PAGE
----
THE Archaeological Survey of India will undertake the ‘scientific conservation’ of Kanheri and Elephanta caves in Mumbai, which will involve chemical treatment on sculptures and paintings, an official said on Tuesday. The Science Branch of ASI here, which received a green signal for the conservation of the wood and silver casket containing relics of Saint Francis Xavier in Goa, will also undertake the conservation of two important caves in Mumbai. Kanheri and Elephanta caves will undergo scientific conservation, deputy superintending archaeological chemist of Maharashtra and Goa, Shrikant Mishra said.
Situated inside the Sanjay Gandhi National Park in Mumbai, Kanheri Caves is a cluster of caves cut into a massive basalt rock that contain Buddhist sculptures, carvings, paintings and inscriptions, dating from the 1st century BCE to the 10th century CE. “We will clear the dust settled on sculptures and paintings and will give a chemical treatment to protect them from termites and other insects,” he said.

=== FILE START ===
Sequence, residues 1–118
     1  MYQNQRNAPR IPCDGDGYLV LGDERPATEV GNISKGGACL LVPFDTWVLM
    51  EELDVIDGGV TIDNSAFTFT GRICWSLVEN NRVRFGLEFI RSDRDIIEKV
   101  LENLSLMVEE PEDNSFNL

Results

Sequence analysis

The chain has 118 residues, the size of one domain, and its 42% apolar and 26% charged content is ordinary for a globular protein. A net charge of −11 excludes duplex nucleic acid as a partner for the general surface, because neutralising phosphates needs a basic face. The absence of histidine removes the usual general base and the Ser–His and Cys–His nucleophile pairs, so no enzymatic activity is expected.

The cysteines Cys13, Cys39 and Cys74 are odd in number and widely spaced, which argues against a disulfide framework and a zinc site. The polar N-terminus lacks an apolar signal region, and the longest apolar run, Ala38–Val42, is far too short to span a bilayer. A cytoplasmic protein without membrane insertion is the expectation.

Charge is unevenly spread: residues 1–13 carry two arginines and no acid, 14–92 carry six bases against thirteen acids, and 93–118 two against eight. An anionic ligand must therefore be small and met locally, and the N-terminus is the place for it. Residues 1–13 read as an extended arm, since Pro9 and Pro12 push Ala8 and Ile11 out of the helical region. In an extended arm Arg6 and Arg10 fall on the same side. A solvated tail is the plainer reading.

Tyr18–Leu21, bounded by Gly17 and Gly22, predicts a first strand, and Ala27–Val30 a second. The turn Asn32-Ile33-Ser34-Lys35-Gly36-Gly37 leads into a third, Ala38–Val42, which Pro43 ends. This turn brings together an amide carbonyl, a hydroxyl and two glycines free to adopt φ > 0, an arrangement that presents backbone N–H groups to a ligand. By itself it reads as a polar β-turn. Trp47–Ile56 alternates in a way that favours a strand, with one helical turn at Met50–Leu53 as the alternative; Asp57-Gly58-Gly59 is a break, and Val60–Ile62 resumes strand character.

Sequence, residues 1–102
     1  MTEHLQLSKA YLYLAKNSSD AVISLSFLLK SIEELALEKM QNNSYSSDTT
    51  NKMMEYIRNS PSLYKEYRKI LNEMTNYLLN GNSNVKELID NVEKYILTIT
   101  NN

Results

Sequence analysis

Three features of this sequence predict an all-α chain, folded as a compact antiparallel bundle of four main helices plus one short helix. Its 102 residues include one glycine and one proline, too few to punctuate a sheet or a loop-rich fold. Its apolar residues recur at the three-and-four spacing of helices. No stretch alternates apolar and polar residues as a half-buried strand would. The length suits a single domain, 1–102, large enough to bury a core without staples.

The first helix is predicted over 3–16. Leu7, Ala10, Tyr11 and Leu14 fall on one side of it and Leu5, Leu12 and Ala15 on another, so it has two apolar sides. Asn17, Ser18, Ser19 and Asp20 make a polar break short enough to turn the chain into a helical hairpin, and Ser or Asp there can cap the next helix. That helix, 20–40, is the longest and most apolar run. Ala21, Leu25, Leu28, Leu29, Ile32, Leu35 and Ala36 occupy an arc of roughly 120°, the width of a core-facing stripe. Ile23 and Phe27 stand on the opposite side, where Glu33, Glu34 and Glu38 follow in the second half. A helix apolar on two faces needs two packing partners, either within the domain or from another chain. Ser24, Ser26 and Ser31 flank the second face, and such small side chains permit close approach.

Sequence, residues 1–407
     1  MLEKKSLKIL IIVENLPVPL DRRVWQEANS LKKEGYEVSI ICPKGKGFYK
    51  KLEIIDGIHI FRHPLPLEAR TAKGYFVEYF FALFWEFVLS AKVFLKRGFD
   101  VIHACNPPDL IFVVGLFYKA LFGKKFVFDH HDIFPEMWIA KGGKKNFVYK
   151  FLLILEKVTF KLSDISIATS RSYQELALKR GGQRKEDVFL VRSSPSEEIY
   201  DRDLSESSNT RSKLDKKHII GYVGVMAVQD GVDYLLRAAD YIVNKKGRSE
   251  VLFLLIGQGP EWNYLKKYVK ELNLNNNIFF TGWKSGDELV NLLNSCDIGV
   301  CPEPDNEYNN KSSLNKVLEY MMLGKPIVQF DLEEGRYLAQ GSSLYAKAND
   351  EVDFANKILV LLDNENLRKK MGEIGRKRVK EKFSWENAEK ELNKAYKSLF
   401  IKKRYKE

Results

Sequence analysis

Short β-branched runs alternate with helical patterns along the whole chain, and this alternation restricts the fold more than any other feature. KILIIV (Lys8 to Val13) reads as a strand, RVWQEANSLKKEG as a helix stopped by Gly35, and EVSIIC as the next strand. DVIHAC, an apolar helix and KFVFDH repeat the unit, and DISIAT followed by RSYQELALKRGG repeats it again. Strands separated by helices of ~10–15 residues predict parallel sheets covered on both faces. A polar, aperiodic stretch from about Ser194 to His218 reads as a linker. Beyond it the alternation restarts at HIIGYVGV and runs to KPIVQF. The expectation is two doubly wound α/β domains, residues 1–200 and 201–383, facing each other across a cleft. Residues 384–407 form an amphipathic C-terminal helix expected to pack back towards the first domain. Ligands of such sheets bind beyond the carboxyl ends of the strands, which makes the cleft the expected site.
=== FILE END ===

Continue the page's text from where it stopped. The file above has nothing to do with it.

The fragile portions of these caves will also be examined and made strong so that the sculptures remain intact, Mishra said, adding that the work can take three to six months. A popular tourist spot, Elephanta Caves are home to rock-cut sculptures of both Hindu and Buddhist iconographies dating back to 2nd century BCE.